Risky Biz News: US imposes visa ban on individuals linked to commercial spyware

In other news: Russia formally bans VPNs; Chinese hackers accessed Japanese diplomatic cables; DEF CON canceled (but only for a day, though).

Risky Biz News: US imposes visa ban on individuals linked to commercial spyware

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‎Show Risky Business News, Ep Risky Biz News: US imposes visa ban on individuals linked to commercial spyware - 6 Feb 2024

The US government has restricted visas for individuals involved in the development and misuse of commercial spyware.

The Department of State says commercial spyware has facilitated repression and enabled human rights abuses.

"Such targeting has been linked to arbitrary detentions, forced disappearances, and extrajudicial killings in the most egregious of cases. Additionally, the misuse of these tools presents a security and counterintelligence threat to U.S. personnel," Secretary of State Antony Blinken said in a statement.

The visa restriction applies to individuals who developed or sold commercial spyware but also to those who misused it. It also applies to close family members, such as spouses and children.

Officials did not name any commercial spyware vendors. A State Department representative told Axios they plan to decide what commercial spyware vendor falls under the visa ban on a case-by-case basis.

The visa restriction is extremely likely to apply to individuals linked to spyware vendors such as Candiru, NSO Group, Intellexa, and Cytrox. The US has placed the four companies on trade blacklists in 2021 and 2023, respectively.

In March 2023, the White House also issued an executive order banning US federal agencies from contracting commercial spyware from vendors with a known track record of misuse, fearing the dodgy products could be misused to spy on US investigations, posing a national security risk.

In a report this week, Google said it currently tracks around 40 commercial spyware vendors "with varying levels of sophistication and public exposure, selling exploits and surveillance capabilities to government customers."

"Investors fuel mercenary spyware proliferation," CitizenLab's John Scott-Railton explained in a series of posts on social media. "Now, even investors willing to gamble and take a loss if a company is sanctioned... will be wondering about [the] possibility of not getting a US visa. Big signal. Big deal."

In addition, a visa entry ban list has other benefits. The biggest is that it can be managed and expanded much easier and faster than an international sanctions list that needs to be coordinated with different US government agencies and maybe some foreign countries.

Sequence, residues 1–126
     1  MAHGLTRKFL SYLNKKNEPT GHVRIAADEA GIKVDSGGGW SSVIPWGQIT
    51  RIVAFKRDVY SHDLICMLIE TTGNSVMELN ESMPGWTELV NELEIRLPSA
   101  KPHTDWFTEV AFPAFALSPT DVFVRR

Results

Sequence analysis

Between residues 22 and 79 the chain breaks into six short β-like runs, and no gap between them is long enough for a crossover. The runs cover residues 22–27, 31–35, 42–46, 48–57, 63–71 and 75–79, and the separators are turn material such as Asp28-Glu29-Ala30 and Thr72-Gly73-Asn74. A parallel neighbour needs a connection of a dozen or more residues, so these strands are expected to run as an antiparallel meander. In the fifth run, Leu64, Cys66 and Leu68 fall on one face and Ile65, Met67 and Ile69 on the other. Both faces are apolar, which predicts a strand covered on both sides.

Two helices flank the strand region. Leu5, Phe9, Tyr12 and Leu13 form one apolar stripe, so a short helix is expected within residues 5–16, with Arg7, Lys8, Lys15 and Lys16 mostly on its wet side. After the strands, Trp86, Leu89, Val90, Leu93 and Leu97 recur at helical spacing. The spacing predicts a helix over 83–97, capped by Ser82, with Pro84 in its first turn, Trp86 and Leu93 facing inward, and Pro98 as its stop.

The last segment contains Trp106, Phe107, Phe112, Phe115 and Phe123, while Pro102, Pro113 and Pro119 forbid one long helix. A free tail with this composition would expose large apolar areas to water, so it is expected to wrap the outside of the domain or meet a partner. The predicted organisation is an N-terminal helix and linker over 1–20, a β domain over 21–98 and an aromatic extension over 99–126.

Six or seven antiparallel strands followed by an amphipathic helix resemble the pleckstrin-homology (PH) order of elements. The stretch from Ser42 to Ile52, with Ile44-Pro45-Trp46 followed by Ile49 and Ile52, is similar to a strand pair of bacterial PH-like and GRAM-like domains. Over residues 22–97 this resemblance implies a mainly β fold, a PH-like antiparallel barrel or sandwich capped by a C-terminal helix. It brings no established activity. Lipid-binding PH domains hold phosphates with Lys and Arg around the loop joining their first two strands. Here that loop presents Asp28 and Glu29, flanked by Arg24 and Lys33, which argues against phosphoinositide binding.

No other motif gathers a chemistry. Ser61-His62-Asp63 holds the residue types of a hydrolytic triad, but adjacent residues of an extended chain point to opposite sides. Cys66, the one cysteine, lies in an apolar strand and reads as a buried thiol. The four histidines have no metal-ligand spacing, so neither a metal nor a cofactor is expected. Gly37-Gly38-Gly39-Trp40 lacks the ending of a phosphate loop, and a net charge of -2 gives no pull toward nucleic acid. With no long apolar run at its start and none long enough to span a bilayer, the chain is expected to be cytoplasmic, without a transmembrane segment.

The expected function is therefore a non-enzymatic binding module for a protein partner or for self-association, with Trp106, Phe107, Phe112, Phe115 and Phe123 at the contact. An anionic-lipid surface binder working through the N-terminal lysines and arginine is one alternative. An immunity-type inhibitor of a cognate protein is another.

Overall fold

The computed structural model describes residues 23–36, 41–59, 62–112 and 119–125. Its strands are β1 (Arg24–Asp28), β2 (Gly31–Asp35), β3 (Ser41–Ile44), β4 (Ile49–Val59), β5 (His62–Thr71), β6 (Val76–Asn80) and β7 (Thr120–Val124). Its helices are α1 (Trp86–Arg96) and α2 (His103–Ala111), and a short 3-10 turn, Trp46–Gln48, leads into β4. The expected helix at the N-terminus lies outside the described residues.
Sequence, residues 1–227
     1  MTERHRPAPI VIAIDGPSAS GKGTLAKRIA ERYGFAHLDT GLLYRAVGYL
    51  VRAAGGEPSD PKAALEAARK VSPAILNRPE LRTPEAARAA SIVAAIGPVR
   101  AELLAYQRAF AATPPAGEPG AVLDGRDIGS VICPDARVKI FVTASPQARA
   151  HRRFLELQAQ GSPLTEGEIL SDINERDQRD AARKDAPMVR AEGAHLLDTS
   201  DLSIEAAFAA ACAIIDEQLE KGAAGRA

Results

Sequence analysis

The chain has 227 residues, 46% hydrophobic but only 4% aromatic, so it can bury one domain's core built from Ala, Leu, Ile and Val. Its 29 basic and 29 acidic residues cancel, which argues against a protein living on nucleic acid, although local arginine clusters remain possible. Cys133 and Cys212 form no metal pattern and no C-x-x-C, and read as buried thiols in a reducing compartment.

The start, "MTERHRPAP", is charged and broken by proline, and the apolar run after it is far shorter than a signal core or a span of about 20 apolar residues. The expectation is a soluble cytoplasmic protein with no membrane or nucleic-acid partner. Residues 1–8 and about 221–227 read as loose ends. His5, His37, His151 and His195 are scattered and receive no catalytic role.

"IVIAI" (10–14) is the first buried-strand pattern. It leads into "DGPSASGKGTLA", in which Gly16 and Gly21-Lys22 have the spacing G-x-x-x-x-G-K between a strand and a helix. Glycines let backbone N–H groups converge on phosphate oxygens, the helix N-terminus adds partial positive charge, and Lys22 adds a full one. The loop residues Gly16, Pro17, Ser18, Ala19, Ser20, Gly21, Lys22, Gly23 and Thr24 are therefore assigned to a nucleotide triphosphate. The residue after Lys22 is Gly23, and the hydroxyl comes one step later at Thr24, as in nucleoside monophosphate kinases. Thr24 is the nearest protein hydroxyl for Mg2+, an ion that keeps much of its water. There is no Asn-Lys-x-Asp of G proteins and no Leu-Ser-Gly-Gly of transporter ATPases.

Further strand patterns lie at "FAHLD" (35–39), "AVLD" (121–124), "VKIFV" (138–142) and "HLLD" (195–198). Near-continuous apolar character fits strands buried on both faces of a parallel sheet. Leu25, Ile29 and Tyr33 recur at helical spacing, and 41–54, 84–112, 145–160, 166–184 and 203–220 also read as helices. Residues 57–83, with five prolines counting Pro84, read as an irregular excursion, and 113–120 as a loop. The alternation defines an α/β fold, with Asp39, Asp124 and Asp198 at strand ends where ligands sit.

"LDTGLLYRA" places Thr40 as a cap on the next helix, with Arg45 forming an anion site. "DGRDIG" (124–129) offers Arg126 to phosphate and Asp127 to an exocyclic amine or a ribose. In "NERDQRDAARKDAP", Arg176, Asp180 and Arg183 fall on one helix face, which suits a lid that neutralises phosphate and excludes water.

It remains unclear how the visa restriction will work with citizens of countries with a visa waiver.

Breaches, hacks, and security incidents

Deepfake theft incident: An employee at a multinational company in Hong Kong sent $25 million to scammers. The employee transferred the funds after the scammers invited him to a meeting with deepfake versions of his colleagues and chief financial officer. Hong Kong police said the theft is one of many similar incidents where deepfake technology was used. [Additional coverage in CNN]

Google+ breach settlement: Google has agreed to pay $350 million to settle a class action lawsuit over a security lapse at its defunct Google+ social network. The incident took place in 2018 when Google discovered that the Google+ API exposed the data of 52.5 million users. Google initially agreed to pay $7.5 million to affected users in a separate lawsuit. The new $350 million settlement is for individuals who bought Google stock between April 2018 and April 2019 and were impacted by Google's security blunder. [Additional coverage in WaPo]

Philippines govt cyberattacks: Hackers operating out of China tried to break into websites and email systems of the Philippine government. Philippine officials say the attacks came from Chinese IPs but didn't attribute the attacks to the Chinese government. The attackers DDoSed government sites and attempted to break into Google Workspace admin accounts. [Additional coverage in PhilStar]

Japan MFA hack: Chinese state-sponsored hackers have allegedly breached a system used by the Japanese Ministry of Foreign Affairs to exchange diplomatic cables. The hack took place in 2020 and was initially detected by US authorities. The same hacking campaign also breached a network used by the Japanese Defense Ministry to handle classified military information. In light of the hacks, the Japanese government committed to hiring 20,000 cybersecurity professionals in the coming years. [Additional coverage in YomiuriPiyolog, and MofA/PDF]